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The ITT List

Wednesday, Apr 12, 2006, 8:04 pm

A Couple Noteworthy Items In The NY Times

By Brian Zick
Has Anybody Told George Bush Yet?
William Broad, Nazila Fathi and Joel Brinkley report that: "Analysts Say a Nuclear Iran Is Years Away."

Western nuclear analysts said yesterday that Tehran lacked the skills, materials and equipment to make good on its immediate nuclear ambitions...
The official, Muhammad Saeedi, the deputy head of Iran's atomic energy organization, said Iran would push quickly to put 54,000 centrifuges on line — a vast increase from the 164 they said Tuesday that they had used to enrich uranium to levels that could fuel a nuclear reactor.

Still, nuclear analysts called the claims exaggerated. They said nothing had changed to alter current estimates of when Iran might be able to make a single nuclear weapon, assuming that is its ultimate goal. The United States government has put that at 5 to 10 years, and some analysts have said it could come as late as 2020.
"They're hyping it," said David Albright, president of the Institute for Science and International Security in Washington, a private group that monitors the Iranian nuclear program. "There's still a lot they have to do." Anthony H. Cordesman and Khalid R. al-Rodhan of the Center for Strategic and International Studies in Washington called the new Iranian claims "little more than vacuous political posturing" meant to promote Iranian nationalism and a global sense of atomic inevitability.

Lots of Iran-bashing by various sources, all effectively undercutting the pretense of urgency. But no mention whatsoever in the article of the Bush administration's aggressive fear-mongering, conveniently timed to the approach of the November elections, in a blatant replay of the GOP's 2002 electoral strategy. Well, maybe they're just exposing one extremist megalomaniac at a time.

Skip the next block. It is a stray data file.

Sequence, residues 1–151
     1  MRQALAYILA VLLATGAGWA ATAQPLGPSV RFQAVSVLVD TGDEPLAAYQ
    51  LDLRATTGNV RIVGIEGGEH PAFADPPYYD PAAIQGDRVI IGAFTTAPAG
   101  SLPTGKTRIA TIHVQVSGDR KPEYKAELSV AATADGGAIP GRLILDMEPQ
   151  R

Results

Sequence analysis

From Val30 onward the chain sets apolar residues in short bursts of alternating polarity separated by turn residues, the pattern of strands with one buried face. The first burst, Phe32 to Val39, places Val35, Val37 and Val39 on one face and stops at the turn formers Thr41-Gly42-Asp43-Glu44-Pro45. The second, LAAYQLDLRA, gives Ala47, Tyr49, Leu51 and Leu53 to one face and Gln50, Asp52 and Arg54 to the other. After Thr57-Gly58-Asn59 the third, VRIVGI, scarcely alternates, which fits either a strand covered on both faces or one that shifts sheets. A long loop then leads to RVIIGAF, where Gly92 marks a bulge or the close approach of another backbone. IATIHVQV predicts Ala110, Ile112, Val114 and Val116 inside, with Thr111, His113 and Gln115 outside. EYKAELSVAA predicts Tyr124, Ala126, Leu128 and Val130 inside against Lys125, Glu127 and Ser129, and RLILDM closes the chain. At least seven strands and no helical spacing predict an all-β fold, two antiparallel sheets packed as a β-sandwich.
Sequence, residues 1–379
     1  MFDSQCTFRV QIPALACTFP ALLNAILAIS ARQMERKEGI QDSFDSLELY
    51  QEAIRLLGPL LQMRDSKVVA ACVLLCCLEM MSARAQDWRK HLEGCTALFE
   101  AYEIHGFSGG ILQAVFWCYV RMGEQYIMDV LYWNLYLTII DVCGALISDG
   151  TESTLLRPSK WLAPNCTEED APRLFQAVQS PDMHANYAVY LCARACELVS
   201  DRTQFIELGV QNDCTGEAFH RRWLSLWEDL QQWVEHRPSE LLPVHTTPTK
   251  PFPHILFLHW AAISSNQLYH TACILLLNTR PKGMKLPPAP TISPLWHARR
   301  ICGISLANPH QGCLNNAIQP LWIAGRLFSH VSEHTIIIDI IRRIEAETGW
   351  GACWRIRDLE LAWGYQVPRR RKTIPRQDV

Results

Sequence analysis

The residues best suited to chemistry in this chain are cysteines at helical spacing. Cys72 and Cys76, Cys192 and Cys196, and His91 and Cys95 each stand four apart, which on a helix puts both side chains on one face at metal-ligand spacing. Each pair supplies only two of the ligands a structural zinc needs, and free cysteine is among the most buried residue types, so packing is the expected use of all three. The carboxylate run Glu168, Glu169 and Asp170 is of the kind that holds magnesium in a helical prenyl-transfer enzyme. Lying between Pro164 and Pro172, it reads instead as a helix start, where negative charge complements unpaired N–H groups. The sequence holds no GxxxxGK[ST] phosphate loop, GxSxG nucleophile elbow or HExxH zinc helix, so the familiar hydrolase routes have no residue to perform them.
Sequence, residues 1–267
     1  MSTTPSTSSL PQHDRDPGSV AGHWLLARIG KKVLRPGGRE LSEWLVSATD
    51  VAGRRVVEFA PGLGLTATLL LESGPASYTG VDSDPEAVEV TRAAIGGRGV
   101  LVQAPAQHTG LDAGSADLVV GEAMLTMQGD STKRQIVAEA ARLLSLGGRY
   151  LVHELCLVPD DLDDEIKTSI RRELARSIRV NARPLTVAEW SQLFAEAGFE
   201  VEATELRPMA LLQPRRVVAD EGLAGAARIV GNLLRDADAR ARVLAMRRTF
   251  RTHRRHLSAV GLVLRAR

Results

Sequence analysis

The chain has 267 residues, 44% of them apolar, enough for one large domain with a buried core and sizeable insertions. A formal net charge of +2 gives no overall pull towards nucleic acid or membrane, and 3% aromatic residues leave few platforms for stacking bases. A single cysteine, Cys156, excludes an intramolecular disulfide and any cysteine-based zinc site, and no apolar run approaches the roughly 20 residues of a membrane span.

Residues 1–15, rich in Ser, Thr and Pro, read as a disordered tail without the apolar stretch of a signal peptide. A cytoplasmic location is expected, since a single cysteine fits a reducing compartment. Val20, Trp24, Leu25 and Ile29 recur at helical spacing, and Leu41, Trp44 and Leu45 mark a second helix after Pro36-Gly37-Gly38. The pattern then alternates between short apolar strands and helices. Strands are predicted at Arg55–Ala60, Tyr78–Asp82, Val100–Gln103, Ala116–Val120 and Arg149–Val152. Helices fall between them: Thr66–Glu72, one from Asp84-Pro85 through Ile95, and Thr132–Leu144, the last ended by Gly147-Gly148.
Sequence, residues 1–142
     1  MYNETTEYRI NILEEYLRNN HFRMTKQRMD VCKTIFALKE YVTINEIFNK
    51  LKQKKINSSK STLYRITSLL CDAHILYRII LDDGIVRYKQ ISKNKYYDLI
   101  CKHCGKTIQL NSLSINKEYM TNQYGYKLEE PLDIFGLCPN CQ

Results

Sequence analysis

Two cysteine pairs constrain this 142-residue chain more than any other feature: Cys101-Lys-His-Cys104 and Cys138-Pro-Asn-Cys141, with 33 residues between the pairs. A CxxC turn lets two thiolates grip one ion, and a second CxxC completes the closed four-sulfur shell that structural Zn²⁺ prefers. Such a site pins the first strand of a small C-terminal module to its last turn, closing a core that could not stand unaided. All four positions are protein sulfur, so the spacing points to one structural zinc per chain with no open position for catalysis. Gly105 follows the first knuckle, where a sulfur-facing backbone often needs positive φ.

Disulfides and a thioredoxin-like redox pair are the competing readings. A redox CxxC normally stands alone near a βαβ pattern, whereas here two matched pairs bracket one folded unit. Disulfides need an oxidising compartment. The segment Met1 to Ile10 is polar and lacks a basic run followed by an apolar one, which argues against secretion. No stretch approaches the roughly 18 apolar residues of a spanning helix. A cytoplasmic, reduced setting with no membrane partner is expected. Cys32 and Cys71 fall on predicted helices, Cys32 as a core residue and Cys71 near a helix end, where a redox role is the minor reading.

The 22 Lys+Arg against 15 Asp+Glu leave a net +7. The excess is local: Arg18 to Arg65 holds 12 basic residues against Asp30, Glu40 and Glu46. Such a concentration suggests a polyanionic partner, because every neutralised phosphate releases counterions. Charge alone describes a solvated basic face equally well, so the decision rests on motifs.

Has Anybody Told Arlen Specter Yet?
Better a little late than never. John Markof and Scott Shane finally get around to reporting on the case of AT&T in cahoots with NSA illegal spying. The story is headlined: "Documents Show Link Between AT&T and Agency in Eavesdropping Case" A class-action lawsuit filed by the Electronic Frontier Foundation accuses AT&T of helping the NSA invade AT&T's customers' privacy.

Mark Klein was a veteran AT&T technician in 2002 when he began to see what he thought were suspicious connections between that telecommunications giant and the National Security Agency.
Now Mr. Klein and a few company documents he saved have emerged as key elements in a class-action lawsuit filed against AT&T on Jan. 31 by a civil liberties group, the Electronic Frontier Foundation. The suit accuses the company of helping the security agency invade its customers' privacy.
Based on his observations and technical knowledge, Mr. Klein concluded that the equipment permitted "vacuum-cleaner surveillance" of Internet traffic. Mr. Klein, 60, who retired in 2004 after 23 years with AT&T and lives near Oakland, Calif., said he decided to make his observations known because he believed the government's monitoring was violating Americans' civil liberties.
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